The Colorful World of Black and White

The Colorful World of Black and White
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Some say that black and white are not colors, and according to the laws of physics, that would be correct. White contains all wavelengths of visible light (the full spectrum) and black is the absence of light, but...

For a moment, I would request that you put that theory aside.

As a young art student, I recall the assignment of using only black and white paint to illustrate various emotions, such as anger, giddiness, sadness and hunger. A challenge in itself, but when told to show the color “red” with only the black and white paint, I knew I had been asked to communicate in a way that I had never before even considered. “How does one do that?” I asked myself.

In retrospect, the exercise was to have us dig into the emotion we feel when we see a color, to really feel what a color is and does, even the smell. The varied interpretations of the class were as varied as each one of us.

How do we “see”? The simple scientific explanation is that light passes through our eye (the lens). The lens then focuses the light onto the back surface of the eye, called the retina. Information of the light entering the eye travels through the optic nerve, where it is then interpreted by the brain, using memory in order to make sense of the images that the brain ultimately “sees.”

While you definitely can’t see without your eyes, nothing would make sense without input from the brain.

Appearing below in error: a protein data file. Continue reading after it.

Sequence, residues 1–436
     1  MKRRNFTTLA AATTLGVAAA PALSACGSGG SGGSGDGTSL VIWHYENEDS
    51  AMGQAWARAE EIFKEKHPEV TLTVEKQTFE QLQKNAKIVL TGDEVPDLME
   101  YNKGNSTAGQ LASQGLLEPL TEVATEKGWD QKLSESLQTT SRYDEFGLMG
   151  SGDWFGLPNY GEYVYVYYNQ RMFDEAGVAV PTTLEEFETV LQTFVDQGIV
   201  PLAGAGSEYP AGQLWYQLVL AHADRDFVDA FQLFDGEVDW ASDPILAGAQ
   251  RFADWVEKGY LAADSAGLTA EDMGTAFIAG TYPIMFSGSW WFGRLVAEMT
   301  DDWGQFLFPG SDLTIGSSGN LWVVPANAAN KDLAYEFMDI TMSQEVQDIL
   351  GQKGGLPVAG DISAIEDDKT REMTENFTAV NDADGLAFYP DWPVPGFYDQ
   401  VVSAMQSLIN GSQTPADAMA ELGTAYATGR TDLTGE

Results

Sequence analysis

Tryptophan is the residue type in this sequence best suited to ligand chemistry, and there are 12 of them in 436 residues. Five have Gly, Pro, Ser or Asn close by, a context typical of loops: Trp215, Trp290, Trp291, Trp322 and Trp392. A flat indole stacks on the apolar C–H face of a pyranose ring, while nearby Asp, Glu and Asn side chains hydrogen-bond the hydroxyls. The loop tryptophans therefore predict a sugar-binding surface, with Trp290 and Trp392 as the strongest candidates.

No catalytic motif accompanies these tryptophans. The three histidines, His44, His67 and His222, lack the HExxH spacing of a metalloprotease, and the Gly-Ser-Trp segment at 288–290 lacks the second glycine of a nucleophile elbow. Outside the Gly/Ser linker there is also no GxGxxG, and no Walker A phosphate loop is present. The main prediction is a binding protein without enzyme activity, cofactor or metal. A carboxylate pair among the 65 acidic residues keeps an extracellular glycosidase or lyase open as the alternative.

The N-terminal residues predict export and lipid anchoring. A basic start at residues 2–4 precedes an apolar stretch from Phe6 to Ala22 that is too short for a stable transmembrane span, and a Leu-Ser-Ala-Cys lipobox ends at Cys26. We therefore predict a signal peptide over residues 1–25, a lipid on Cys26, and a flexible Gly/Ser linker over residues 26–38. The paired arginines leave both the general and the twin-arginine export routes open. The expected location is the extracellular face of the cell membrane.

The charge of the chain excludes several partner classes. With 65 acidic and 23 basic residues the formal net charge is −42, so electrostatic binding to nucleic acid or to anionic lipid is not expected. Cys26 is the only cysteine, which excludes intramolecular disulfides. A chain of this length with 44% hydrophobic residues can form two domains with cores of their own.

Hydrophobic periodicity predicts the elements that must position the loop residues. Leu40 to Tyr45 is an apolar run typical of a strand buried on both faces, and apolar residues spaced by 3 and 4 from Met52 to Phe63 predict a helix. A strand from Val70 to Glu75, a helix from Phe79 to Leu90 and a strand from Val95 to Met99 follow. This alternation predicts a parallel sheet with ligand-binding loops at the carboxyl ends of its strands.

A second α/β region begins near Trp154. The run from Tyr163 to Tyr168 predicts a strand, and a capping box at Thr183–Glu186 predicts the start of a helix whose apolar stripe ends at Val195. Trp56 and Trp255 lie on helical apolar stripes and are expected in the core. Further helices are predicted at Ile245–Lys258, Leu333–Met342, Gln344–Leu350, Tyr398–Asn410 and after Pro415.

The vision that an artist conveys in black and white can be as exciting, and descriptive, as the array of colors on a palette. There is elegance in Black and White. It can capture sound, texture and emotion and then our mind will translate and interpret. Using all of our senses, coupled with past experiences, we adjust to visualize the missing element.

A Rorschach inkblot test is an example of the mind interpreting what it sees without really seeing the entire colorful, detailed image.

German Artist Werner Knaupp in his painting ”Westmannerinsein” (“Black Sea”) captures the energy of the weather and sea as if in full color. I can “see” the dark blue, and deep green, stormy waves exuding power and intensity. Can you?

<em>"Westmannerinsein" ("Black Sea")</em><br><em>Acrylic</em><br>11.12.2011<br><strong></strong>
"Westmannerinsein" ("Black Sea")
Werner Knaupp

Ansel Adams the American photographer and environmental activist took photographs of breathtaking views in US National Parks. His black and white photographs have become synonymous with his name, most notably in Yosemite National Park. The grandeur and majestic photos, show us in black and white the beige sand colored stone of “Half Dome” stoically above the green pine trees, positioned against the gentle blue sky. Most of us “fill in those blanks” when we enjoy looking at the photograph.

Op Art, that grew in popularity in the 1960’s, would show black and white images that gave the impression the they were moving, flashing or vibrating. Tricking the eye to see something entirely different than what is actually there.

The eye and mind connection is a fascinating process where the mind creates a connection that may or may not be visibly there.

<em>"Dominoe Effect"</em><br><em>Acrylic 30" x 40"</em>
"Dominoe Effect"
Acrylic 30" x 40"
Barbara Mosher

”Art As I See It” is a column by Barbara Mosher In which she provides her insight on the world of art, including thought-inducing commentary, the process of art, and to showcase artists.

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